A film that would feel real, recognisable and understated: that could be challenging with stop motion, one of the most labour-intensive forms of animation. Another limitation of the technique is facial performance, and the ad’s characters needed to do a lot of that in a story without any dialogue.
So Blinkink came up with a new technique altogether, blending two types of animation: stop motion but with CGI used to create the facial expressions of the puppets.
"All the conversation needed to be done with looks and eye contact. CGI finely tuned the facial expressions so they felt warm and realistic," Dear says. "We came up with an essentially invisible technique, something where you don’t really know what you’re looking at. That makes it magical in its own right."
Blinkink had only four months for the production, but the team included masters in animation. The puppet makers were MacKinnon & Saunders in Manchester, which built puppets for Wes Anderson’s Fantastic Mr Fox and Tim Burton’s Corpse Bride and Frankenweenie. Lead animator Dan Gill and much of the crew previously worked on stop-motion films including Anderson’s forthcoming Isle of Dogs.
Stop-motion animation is a slow and meticulous process, and the BBC’s ad took five weeks to shoot. There were 50 shots plus four additional idents, and a three-second shot would take about a day and a half to complete. In that time the team would aim to animate 60 to 70 frames. One scene – the dance number with the dad and daughter – was particularly time-consuming and complex, running across five days including into the weekend.
You only get one take with stop motion because "it’s unlikely you’ve got time to do it again," Dear says. "You brief the animator and give them reference materials, then turn them off into a dark corner of the studio and hope they come back with something you like."
The crew worked with two sets of puppets. "They can only be in one place at one time, just like if you had an actor on set," Lole explains. "No one can go in and disturb the set and you can’t move things around. It’s like playing [the board game] Operation."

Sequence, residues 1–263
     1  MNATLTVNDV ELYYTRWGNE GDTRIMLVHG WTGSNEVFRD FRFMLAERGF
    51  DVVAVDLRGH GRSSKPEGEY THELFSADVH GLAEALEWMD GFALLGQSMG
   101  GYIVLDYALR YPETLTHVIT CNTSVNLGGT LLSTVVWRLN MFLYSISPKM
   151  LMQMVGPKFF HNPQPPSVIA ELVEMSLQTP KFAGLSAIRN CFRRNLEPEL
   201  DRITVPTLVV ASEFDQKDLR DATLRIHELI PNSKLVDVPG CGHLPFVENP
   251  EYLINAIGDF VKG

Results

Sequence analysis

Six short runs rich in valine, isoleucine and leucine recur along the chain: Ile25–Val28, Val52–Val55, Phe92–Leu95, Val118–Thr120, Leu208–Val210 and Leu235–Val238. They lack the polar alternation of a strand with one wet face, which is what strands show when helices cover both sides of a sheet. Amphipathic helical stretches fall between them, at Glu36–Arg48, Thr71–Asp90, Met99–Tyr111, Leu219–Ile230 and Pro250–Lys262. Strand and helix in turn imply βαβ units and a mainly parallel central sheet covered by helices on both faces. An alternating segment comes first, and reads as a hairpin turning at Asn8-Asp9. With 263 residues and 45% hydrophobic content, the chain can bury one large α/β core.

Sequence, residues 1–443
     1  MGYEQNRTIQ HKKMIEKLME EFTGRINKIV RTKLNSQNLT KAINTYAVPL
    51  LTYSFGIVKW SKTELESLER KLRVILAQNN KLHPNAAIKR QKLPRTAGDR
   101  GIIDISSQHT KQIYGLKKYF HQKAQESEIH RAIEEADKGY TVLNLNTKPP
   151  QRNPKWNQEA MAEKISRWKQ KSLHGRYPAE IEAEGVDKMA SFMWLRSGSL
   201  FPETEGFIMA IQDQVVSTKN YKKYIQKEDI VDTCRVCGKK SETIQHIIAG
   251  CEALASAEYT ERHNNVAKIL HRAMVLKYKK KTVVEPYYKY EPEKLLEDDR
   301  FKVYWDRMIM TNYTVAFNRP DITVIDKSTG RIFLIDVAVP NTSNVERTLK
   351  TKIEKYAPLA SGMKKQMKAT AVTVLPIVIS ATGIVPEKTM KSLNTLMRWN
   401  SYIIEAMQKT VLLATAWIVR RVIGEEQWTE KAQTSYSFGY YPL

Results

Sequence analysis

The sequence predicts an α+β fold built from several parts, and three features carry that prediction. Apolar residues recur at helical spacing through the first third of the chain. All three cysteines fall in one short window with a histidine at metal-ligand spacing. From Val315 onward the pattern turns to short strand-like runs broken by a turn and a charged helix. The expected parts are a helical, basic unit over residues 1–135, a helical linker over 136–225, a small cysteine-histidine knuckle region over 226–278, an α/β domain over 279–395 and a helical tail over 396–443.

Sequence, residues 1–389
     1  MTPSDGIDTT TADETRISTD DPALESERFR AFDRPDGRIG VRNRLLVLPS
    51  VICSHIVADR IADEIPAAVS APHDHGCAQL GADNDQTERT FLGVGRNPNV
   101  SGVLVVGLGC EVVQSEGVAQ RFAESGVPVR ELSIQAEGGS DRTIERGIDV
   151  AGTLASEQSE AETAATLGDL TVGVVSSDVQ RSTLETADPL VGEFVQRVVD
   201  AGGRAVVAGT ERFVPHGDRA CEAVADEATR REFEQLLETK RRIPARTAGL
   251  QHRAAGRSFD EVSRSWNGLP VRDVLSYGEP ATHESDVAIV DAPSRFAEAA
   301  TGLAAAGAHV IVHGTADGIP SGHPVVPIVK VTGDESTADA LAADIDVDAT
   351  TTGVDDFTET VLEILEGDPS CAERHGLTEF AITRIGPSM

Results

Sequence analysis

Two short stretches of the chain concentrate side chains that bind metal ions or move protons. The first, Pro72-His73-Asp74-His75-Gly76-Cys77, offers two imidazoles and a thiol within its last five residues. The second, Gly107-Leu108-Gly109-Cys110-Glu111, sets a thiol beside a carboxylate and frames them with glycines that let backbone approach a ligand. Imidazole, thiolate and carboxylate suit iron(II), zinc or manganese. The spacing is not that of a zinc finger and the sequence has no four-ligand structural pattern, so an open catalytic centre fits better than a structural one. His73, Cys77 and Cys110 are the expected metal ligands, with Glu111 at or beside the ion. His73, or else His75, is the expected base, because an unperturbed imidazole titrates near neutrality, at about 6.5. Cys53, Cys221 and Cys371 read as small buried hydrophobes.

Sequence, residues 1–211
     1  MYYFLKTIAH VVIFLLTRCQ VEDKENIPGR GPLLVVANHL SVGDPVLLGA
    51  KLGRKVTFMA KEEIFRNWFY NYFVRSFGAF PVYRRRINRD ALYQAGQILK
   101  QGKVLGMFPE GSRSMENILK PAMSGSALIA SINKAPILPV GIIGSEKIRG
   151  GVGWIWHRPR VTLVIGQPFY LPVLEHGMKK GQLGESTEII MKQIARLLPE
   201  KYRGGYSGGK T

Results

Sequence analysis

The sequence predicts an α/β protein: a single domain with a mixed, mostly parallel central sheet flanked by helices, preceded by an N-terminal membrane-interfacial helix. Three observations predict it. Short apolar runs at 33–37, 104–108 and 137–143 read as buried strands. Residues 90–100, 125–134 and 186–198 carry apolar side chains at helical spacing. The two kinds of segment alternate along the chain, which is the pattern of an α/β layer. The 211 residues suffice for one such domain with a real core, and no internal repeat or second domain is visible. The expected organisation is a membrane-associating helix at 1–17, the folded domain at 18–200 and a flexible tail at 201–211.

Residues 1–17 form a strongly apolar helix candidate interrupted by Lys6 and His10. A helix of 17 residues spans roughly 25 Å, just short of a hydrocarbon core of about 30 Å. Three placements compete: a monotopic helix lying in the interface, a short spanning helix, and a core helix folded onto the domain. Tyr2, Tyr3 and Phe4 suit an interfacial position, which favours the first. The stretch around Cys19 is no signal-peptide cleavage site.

The little details
Every detail in the film, down to the furniture and kitchen utensils, recreated actual objects and places drawn from photographs and research. The team worked with a professional choreographer and dancers to plan the dad and daughter’s performance, and the soundtrack of Clean Bandit song Symphony was chosen because it is what the girl would have listened to, Härnqvist explains.
The appearance of the characters was also carefully thought out. The girl was meant to look young yet strong and independent. Early drafts had her wearing clothing in the style of hip-hop dance, but this "looked too broad," Dear says. Instead "we put her in a school uniform and an oversized coat as if the dad bought it to last a few years".
The dad’s character also changed. Initially, he was buff and in shape with a full head of hair, but they evolved his look to make him more endearing and his big reveal more surprising.
"It needed to be unexpected that he’s going to stand up and do something physical and brave. If we picked someone who doesn’t look like a dancer that would be a better way of hiding the fact that he would do that," Dear says.
Despite striving to create an accurate depiction of British family life, there is still a touch of magic at the heart of the film. When the dad joins his daughter’s performance, the real world falls away as they dance against a backdrop of colourful lights. For a moment it is just the two of them together.
"We want the UK to love this short film that we made and to feel good after watching it," Härnqvist says. "We want to give them a proper Christmas feeling."
No snow or fantasy was needed to achieve that – just an unrivalled level of craft.